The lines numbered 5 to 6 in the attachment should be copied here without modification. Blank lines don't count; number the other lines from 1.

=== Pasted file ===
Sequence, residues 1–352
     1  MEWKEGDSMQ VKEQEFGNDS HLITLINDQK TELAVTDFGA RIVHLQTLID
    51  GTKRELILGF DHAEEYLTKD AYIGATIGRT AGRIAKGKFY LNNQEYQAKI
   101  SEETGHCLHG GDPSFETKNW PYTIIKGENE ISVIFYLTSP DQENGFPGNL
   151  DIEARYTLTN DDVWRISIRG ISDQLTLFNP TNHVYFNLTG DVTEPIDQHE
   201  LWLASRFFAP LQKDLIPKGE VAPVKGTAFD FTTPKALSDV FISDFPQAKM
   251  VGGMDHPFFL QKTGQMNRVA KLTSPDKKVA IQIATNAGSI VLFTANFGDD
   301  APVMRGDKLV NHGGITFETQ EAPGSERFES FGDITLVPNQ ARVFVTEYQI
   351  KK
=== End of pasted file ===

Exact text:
   151  DIEARYTLTN DDVWRISIRG ISDQLTLFNP TNHVYFNLTG DVTEPIDQHE
   201  LWLASRFFAP LQKDLIPKGE VAPVKGTAFD FTTPKALSDV FISDFPQAKM